Rhonda Parker / @ 12:29 p.m. / Courts

Eureka Murderer, Would-Be Cop-Killer Goes Down Smiling: Nickolas Johnson Cracks Wise With Judge as He Accepts 27-to-Life Plea Deal


Johnson.

A Eureka man will spend 27 years to life in prison for murdering a Blue Lake man in April 2015, then attempting to murder officers who tracked him down nine months later.

This morning Nicholas Ryan Joseph Johnson pleaded guilty to killing 36-year-old David Dwayne Ganfield, who was bludgeoned to death as he slept in his Blue Lake home. Johnson also admitted trying to kill two district attorney’s investigators by opening fire with a semiautomatic rifle.

He has been in jail since February 2016 on the murder charge. The case involving the local investigators was filed just last week by the state Attorney General’s Office.

“The defendant fired his semiautomatic weapon at two district attorney’s investigators who were trying to effectuate his arrest,” Deputy Attorney General Geoff Lauter said over speaker phone in Judge John Feeney’s court. Lauter said Johnson fired eight rounds at the officers, but they were eventually able to “subdue him and effectuate the arrest.”

Johnson was subdued when the investigators returned fire, hitting him multiple times. He spent some time in a hospital before being lodged in Humboldt County Correctional Facility.

His plea deal includes a sentence of seven years for attempted murder and 20 years for personal discharge of a firearm. He pleaded to second-degree murder in Ganfield’s death and will serve a concurrent sentence of 16 years to life. Defense attorney Neal Sanders said Johnson will be eligible for parole after serving the 27 years.

Last year a jury convicted Johnson’s co-defendant Jonas Randall Semore of second-degree murder. Semore is serving a term of 15 years to life.

An older couple, Ganfield’s relatives, were in the courtroom audience this morning. And several people there to support Johnson, 27. One woman was smiling and otherwise silently communicating with him, and the bailiff walked over to caution her about communication with prisoners. When the bailiff turned his back to return to his post, Johnson lifted his right hand and extended the middle finger.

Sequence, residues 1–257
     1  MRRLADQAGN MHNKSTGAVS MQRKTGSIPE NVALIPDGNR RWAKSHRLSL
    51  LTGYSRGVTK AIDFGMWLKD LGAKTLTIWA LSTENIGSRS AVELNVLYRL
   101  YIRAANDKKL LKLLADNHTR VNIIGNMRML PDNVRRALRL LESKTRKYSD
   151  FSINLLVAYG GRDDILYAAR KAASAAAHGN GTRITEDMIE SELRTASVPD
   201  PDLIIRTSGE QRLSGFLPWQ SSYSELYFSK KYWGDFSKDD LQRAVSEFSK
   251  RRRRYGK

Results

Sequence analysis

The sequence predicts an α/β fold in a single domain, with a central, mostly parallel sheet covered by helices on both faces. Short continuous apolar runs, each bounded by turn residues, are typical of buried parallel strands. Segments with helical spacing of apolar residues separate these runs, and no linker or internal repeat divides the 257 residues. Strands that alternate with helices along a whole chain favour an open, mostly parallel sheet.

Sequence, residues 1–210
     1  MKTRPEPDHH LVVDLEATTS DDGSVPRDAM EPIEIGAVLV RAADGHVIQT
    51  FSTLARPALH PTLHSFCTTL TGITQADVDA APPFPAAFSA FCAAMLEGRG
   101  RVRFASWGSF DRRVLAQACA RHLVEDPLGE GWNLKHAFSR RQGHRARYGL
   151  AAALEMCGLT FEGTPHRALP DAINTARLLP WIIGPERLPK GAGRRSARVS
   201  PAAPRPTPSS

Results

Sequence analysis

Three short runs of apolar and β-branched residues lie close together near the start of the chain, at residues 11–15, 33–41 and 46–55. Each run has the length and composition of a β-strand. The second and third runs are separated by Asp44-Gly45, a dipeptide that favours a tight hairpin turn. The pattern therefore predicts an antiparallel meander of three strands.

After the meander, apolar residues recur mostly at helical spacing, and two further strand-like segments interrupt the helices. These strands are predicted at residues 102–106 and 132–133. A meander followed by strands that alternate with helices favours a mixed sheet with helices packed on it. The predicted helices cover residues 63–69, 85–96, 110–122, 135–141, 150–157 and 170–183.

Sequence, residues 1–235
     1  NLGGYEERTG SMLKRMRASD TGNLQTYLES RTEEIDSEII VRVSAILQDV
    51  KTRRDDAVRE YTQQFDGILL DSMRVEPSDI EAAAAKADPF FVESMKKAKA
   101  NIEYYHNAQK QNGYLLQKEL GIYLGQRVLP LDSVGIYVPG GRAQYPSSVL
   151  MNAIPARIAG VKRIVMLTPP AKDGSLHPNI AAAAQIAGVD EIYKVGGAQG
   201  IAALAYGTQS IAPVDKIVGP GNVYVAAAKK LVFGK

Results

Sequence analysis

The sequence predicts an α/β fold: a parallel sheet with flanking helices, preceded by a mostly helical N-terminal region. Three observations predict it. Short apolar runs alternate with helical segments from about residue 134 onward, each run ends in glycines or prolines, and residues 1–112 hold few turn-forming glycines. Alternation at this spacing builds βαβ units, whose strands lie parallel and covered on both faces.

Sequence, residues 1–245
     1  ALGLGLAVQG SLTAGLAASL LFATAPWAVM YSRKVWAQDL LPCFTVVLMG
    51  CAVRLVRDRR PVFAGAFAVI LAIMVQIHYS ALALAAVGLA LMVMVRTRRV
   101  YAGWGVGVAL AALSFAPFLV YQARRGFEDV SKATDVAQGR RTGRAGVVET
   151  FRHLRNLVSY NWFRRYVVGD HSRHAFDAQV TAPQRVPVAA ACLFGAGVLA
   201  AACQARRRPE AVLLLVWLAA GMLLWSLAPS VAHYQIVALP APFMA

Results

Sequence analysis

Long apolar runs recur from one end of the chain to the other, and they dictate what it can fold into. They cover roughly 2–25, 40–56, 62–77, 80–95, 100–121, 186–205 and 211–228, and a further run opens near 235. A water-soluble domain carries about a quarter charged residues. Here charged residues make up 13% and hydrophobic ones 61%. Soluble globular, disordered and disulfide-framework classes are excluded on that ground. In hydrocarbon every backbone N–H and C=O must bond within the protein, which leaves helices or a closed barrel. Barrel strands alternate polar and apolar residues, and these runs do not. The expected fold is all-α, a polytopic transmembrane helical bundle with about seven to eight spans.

Asked whether he was willing to give up his right to appeal, Johnson refused. Then, quite the courtroom comedian, he addressed the judge.

“There’s no way to get probation on this?” Johnson asked, grinning. Feeney didn’t answer.

Regarding his sentencing, Johnson asked the judge to “put it back as far as possible.” Defense attorney Sanders requested a date in late October, and Deputy District Attorney Roger Rees objected.

Rees said the sentencing should be “sooner rather than later” because Humboldt County Correctional Facility is not set up to house prison inmates. The prosecutor asked for a brief recess, then returned to inform the judge that Johnson, within the past week, tackled another jail inmate. He again asked for a speedy sentencing.

“My client has been in custody for over two years,” Sanders responded. “He hasn’t changed as a person because of today.”

Feeney compromised by scheduling the sentencing for Oct. 19.

As part of the plea deal some less-serious charges were dismissed, including an allegation that Johnson possessed drugs in jail.

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